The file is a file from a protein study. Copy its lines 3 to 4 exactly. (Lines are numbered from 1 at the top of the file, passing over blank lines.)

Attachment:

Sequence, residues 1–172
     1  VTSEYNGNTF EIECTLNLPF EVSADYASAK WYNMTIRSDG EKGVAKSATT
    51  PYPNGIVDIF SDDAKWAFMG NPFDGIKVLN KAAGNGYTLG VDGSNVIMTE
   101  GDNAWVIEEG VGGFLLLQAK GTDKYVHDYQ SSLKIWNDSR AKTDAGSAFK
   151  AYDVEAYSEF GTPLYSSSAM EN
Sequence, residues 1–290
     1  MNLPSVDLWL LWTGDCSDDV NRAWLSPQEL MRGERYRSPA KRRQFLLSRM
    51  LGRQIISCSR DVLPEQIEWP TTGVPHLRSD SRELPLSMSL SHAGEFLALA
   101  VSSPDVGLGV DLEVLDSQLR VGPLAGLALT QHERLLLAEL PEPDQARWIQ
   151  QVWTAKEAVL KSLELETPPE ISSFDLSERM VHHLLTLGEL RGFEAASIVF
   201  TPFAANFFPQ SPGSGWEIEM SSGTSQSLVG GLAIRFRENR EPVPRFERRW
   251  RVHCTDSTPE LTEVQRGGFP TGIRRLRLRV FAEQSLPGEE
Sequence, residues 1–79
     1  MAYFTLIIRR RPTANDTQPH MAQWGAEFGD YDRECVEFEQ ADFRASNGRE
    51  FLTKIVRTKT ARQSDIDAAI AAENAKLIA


    51  PYPNGIVDIF SDDAKWAFMG NPFDGIKVLN KAAGNGYTLG VDGSNVIMTE
   101  GDNAWVIEEG VGGFLLLQAK GTDKYVHDYQ SSLKIWNDSR AKTDAGSAFK